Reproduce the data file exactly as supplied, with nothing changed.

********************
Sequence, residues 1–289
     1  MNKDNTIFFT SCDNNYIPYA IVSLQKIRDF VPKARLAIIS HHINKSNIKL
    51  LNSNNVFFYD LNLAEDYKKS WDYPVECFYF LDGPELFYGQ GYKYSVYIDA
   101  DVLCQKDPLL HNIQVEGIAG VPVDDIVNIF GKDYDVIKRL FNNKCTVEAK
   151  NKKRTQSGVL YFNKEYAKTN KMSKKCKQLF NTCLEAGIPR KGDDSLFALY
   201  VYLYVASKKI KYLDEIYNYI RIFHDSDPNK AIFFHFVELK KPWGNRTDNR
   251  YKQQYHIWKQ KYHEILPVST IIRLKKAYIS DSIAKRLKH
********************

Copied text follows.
Sequence, residues 1–289
     1  MNKDNTIFFT SCDNNYIPYA IVSLQKIRDF VPKARLAIIS HHINKSNIKL
    51  LNSNNVFFYD LNLAEDYKKS WDYPVECFYF LDGPELFYGQ GYKYSVYIDA
   101  DVLCQKDPLL HNIQVEGIAG VPVDDIVNIF GKDYDVIKRL FNNKCTVEAK
   151  NKKRTQSGVL YFNKEYAKTN KMSKKCKQLF NTCLEAGIPR KGDDSLFALY
   201  VYLYVASKKI KYLDEIYNYI RIFHDSDPNK AIFFHFVELK KPWGNRTDNR
   251  YKQQYHIWKQ KYHEILPVST IIRLKKAYIS DSIAKRLKH